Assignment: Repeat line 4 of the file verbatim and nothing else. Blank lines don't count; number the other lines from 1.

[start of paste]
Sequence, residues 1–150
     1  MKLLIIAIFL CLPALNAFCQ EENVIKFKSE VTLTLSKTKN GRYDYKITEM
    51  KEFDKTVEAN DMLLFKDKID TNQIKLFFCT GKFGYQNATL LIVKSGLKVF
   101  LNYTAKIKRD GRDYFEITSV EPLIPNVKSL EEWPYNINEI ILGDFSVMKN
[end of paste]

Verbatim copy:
   101  LNYTAKIKRD GRDYFEITSV EPLIPNVKSL EEWPYNINEI ILGDFSVMKN